An unprecedented level of tension simmered in the Washington Wizards’ locker room at Verizon Center on Friday night. They had just undergone a 38-point shellacking against the Cleveland Cavaliers, the franchise’s worst home defeat since a 40-point drubbing by the Golden State Warriors in November 1975, and the strain was detectable.
Marcin Gortat argued that the team’s downfall was an unhealthy dependence on help defense. Moments later, Paul Pierce, in his 17th season, vehemently disagreed. He argued that the best teams master help defense and the Wizards must rely on it because they don’t feature “extremely great individual” defenders.
“I don’t know what he was talking about,” Pierce said.
On Saturday, Coach Randy Wittman explained both assessments were correct but Washington’s problems were rooted deeper than defensive cohesion. A team doesn’t lose by 38 points because of one shortcoming. There was a multitude of flaws, and Wittman reiterated it was rooted in indolence.
“It’s pretty simple,” Wittman said. “If we don’t play with an edge and a meanness, toughness, we’re going to have nights like last night. Especially against a team like that. It was a little shocking to me, to be honest with you, and I told them that.”
That the Wizards, losers of seven of nine games, floundered so miserably in their first game back from an extended all-star break, a game with possible postseason implications on national television, was all the more baffling.
Recess is no longer a luxury. Washington is in the midst of playing six games in nine days, a stretch that continues in the Detroit suburbs Sunday afternoon against the Pistons and back home Tuesday night against the Golden State Warriors, owners of the NBA’s best record.
Bradley Beal (fibula) and Kevin Seraphin (flu-like symptoms) didn’t suit up Friday. Beal was cleared to resume basketball activities and did some light running Saturday but will miss his fifth straight game Sunday. Seraphin was a limited participant Saturday, and his status against the Pistons is uncertain.
“I have guys [complaining] about playing time all the time,” Wittman said Friday night. “Well, here it is. What are you going to do with it? Show me you deserve to play.”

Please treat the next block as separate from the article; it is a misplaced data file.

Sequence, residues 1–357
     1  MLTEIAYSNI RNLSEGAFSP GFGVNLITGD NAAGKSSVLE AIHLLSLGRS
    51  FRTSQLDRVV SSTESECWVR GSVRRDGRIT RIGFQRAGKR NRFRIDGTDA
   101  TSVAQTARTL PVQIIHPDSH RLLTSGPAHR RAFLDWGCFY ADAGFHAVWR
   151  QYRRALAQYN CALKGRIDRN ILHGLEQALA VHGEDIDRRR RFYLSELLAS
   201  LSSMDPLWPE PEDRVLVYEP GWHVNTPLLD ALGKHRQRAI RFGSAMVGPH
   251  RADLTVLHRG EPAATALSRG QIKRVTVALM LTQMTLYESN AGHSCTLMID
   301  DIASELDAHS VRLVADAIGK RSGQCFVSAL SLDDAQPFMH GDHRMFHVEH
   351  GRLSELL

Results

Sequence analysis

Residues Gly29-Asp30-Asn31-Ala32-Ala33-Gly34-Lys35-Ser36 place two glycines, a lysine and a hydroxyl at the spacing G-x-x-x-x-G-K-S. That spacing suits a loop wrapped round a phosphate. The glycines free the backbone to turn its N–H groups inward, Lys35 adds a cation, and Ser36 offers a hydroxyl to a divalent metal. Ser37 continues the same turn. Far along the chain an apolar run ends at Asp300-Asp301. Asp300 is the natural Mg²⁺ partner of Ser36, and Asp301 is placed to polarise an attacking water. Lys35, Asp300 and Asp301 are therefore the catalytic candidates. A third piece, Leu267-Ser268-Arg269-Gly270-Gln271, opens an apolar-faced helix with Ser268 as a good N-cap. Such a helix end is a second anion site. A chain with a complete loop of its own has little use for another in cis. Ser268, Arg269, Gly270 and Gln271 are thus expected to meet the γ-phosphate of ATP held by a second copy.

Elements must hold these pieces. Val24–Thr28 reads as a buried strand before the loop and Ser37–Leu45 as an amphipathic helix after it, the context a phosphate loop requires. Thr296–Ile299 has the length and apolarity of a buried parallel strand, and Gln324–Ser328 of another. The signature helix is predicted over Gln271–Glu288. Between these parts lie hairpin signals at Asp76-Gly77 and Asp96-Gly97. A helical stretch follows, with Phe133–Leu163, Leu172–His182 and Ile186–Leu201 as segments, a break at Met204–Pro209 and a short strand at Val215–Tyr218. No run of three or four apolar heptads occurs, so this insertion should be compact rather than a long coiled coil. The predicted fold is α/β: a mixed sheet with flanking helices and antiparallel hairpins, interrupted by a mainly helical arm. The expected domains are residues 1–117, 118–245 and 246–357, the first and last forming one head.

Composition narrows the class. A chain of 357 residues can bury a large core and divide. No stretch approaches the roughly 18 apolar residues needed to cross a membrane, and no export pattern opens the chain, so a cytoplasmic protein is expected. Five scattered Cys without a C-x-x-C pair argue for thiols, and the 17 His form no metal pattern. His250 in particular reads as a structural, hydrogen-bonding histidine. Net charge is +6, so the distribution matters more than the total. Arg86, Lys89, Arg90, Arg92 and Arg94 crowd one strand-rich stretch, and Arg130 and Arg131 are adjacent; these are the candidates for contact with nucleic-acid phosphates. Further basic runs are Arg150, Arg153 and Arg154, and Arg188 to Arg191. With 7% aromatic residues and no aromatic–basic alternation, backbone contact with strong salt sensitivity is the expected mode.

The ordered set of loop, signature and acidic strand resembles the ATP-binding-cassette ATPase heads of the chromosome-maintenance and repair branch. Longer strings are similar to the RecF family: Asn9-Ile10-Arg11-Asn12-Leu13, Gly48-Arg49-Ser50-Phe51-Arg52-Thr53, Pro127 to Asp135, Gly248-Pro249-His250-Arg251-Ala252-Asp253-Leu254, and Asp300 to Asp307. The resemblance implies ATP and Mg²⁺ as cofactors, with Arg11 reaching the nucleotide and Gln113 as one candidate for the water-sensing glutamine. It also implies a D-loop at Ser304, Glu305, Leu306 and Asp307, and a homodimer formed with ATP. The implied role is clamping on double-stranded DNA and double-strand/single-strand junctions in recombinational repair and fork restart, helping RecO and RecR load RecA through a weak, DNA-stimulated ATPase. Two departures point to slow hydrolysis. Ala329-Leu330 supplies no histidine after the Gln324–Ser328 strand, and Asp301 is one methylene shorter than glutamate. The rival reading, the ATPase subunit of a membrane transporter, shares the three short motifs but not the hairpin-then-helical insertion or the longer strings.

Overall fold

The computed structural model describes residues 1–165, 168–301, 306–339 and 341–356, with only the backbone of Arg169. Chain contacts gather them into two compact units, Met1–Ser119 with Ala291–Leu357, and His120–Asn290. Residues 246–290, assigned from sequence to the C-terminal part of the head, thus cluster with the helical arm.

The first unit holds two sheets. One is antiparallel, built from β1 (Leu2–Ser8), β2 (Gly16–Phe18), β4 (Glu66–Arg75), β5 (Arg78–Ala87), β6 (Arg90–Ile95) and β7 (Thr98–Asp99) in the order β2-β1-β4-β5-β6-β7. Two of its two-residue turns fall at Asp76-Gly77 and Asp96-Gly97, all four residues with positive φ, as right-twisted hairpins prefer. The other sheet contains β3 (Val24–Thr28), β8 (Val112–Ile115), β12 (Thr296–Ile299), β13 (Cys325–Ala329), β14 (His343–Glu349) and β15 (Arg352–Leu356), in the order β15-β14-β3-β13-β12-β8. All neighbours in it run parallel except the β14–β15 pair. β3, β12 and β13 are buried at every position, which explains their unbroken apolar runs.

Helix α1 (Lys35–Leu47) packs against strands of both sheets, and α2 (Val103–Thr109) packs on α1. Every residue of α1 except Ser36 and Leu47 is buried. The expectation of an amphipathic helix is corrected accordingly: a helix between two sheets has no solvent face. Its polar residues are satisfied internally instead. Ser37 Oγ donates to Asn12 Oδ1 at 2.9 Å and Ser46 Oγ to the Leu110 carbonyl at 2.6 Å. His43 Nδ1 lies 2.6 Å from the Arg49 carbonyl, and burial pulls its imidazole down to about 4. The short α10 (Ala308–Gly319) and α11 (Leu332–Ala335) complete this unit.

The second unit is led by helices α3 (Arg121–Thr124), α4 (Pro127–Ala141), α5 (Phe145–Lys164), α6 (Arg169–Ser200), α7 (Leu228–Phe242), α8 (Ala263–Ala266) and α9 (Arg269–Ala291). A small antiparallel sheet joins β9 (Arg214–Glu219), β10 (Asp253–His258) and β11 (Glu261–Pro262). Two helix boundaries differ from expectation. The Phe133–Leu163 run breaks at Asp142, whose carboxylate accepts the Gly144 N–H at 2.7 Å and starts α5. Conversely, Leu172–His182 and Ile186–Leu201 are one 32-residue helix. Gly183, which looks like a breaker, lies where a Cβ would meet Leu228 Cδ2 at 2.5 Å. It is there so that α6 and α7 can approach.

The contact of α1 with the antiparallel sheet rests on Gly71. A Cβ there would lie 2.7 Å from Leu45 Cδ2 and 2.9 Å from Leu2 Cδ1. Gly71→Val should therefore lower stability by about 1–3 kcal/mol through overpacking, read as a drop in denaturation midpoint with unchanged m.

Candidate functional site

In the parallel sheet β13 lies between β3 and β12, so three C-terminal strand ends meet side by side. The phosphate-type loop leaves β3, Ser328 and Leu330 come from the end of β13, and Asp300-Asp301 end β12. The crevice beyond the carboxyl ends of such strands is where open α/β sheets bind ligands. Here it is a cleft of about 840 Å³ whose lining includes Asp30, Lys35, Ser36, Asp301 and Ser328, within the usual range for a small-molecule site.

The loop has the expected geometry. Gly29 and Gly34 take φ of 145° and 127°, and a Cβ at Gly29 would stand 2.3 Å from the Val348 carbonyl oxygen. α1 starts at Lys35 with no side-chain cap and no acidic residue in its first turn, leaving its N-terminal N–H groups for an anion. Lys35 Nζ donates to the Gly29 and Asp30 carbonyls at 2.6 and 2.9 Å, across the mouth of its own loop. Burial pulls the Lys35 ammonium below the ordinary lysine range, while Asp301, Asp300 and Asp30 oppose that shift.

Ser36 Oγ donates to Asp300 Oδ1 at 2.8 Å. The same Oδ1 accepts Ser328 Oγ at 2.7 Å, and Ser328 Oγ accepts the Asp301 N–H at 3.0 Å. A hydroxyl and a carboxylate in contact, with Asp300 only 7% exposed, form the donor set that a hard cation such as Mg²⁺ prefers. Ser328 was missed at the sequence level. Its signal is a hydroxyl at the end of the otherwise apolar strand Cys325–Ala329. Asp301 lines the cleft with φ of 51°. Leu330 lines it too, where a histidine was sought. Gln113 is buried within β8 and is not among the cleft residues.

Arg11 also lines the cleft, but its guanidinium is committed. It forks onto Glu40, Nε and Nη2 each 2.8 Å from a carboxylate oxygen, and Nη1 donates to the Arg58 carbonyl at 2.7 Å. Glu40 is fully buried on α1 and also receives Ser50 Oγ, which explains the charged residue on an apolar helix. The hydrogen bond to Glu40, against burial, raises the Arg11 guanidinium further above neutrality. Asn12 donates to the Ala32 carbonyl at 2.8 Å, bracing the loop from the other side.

The Wizards will, however, feature a more prepared Ramon Sessions.
The point guard, acquired from the Kings in exchange for Andre Miller on Thursday, boarded a 6 a.m. flight in Sacramento on Friday. Sessions arrived at Verizon Center just hours before tip-off and spent the game’s first 42 minutes studying and absorbing his new employer’s tactics and terminology next to assistant coach Pat Sullivan . He checked in with 6 minutes 9 seconds remaining in the fourth quarter and Washington trailing by 32 points.
Sessions practiced Saturday and expects to assume his role as John Wall’s primary backup Sunday, though he is another option to play alongside Wall in Beal’s absence.
“Definitely coming in as a point guard, you got to learn the system,” said Sessions, who tallied two assists, a steal and a turnover in his debut. “You’re a coach out there on the floor with the second unit. You got to transition fast. It’s all about being a pro.”
The Wizards landed Sessions to instill vigor in their second unit. Sessions is a relentless driver with the innate ability to get to the free throw line. But he isn’t a three-point shooter — he has attempted fewer than one per game over his career and is shooting 21.4 percent from there this season — so he’s unlikely to solve the Wizards’ limited three-point shooting (they rank fifth in the NBA in three-point percentage but average 16.2 three-point attempts per game, fourth fewest, and went 1 for 16 from beyond the arc Friday).
But the Wizards have maintained offense is secondary. They believe their success, how far they advance in the spring, will depend on effort and physicality and tenacity on defense, as individuals and a unit.
“Teams really come together when things are flowing on the defensive end,” Pierce said. “That’s when you’re having fun, when you’re going out there getting consecutive stops, shutting down a team. It’s fun to do that. I think everybody understands it’s fun, and we haven’t done that consistently in quite a while, so we got to find a way.
“There’s only 27 games left, but we know we got it. We know we got it in this room. It’s just a matter of going out there, getting our minds right and doing it every night.”